Coderrect and Jenkins Integration (Using Jenkinsfile)

This tutorial shows how to integrate Coderrect with Jenkins, the most popular CI/CD platform.


Coderrect is a static analysis tool for C/C++ code. Unlike popular tools such as Cppcheck and Clang static analyzer, one of the powerful features of Coderrect is the detection of concurrency races caused by code using explicit multi-thread APIs (e.g. PThread, std::thread) or implicit parallel APIs (e.g. OpenMP).

Besides running Coderrect to scan the local source code via the command line, you can easily integrate it with Jenkins to include it in your CI/CD pipeline so that Coderrect can be triggered automatically by a pull request, a code check-in, or a scheduled nightly build.


Overview

The diagram below illustrates the interaction among components in Coderrect-Jenkins integration.

When a build is scheduled Jenkins master asks Jenkins agents to prepare the source code (usually pull the latest code from a source control system), build the project, test and analysis the program.

Upon receiving the request from Jenkins Master, the Jenkins agent runs Coderrect installed locally to analyze the code and report discoveries back to the master.


Install Coderrect

The first step is to install the Coderrect package to the Jenkins agent machine. Note that Coderrect just supports Linux for now.

  1. Download the latest version of Coderrect from here (the source can be found here).
  2. Unpack the downloaded tarball.
  3. Add /path/to/coderrect-installation/bin into PATH.

Install Coderrect Jenkins Plugin

You can download Coderrect Jenkins plugin here. Then go to the “Advanced” tab of “Manage Plugins” page.

For “Upload Plugin”, click “Choose File” to select the downloaded coderrect.hpi.


Create a multi-branch project

Now we can create a multi-branch project in Jenkins.

Go to Jenkins portal and click “New Item“.

Enter the project name and select “Multibranch Pipeline

Set up the source control and build information. Make sure you use Jenkinsfile to control the build pipeline.


Create Jenkinsfile

We already created a project in Jenkins. To let Jenkins know how to build, test and analyze the code, we have to create a file called Jenkinsfile under the root directory of your repository.

pipeline {
    agent any

    stages {
        stage('Build') {
            steps {
		sh "coderrect make"
            }
        }

        stage('Analysis') {
            steps {
                publishCoderrect ""
            }
        }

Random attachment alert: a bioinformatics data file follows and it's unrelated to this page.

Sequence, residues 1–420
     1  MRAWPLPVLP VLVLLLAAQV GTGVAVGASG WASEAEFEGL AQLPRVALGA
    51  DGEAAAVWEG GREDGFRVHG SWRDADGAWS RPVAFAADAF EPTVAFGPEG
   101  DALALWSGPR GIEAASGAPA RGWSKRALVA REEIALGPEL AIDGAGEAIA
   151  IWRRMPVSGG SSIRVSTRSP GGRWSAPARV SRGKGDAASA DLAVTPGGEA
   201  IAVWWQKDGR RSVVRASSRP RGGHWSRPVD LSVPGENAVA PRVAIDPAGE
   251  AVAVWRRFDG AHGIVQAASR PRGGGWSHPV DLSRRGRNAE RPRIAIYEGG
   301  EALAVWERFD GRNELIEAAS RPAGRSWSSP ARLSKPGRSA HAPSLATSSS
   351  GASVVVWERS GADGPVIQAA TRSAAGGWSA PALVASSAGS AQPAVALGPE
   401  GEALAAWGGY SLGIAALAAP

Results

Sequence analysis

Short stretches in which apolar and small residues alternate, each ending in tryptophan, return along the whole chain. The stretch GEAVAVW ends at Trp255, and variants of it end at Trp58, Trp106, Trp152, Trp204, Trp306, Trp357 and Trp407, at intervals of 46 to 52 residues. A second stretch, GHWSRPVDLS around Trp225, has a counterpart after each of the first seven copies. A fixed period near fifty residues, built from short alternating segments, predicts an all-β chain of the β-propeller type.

}
}

The Jenkinsfile above defines a pipeline with two stages. The “build” stage builds the project and runs coderrect to analyze the generated binary. The “analysis” stage reports the analysis results to the master.

You may be aware that the command “publishCoderrect” has a parameter whose value is “” in our example. What is it? It is the relative path (to the project root directory) where you executes “coderrect”. We execute “coderrect” immediately under the project root so that we specify its value to “”.

If we execute “coderrect” under a directory rather than the project root we need to set up this parameter correctly. For example, the following figure shows typical build steps for a cmake-based project:

# we are under the project root directory
mkdir build
cd build
cmake ..
coderrect make

In this case you execute “coderrect” under project-root/build. You need to set the build directory to “build”.

pipeline {
    agent any

    stages {
        stage('Build') {
            steps {
		sh "mkdir build && cd build && cmake .. && coderrect make"
            }
        }

        stage('Analysis') {
            steps {
                publishCoderrect "build"
            }
        }
    }
}

Now we are done! We can go to the project dashboard and manually trigger a build.


Trigger a Build

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Coderrect adds a section into the build summary page. The section shows the number of races in different categories for this build and the previous build. For example, the demo project above has 13 data races.

You can click the “Coderrect” item in the navigation bar to see details.

The detail report has three views – full, new and solved. The “full” view shows all races found from the current build. The “new” view shows just races introduced by the new committed code since previous build. The “solved” view shows races fixed by the new code.

I hope you enjoy this post. Please send to feedback@coderrect.com if you have any feedback.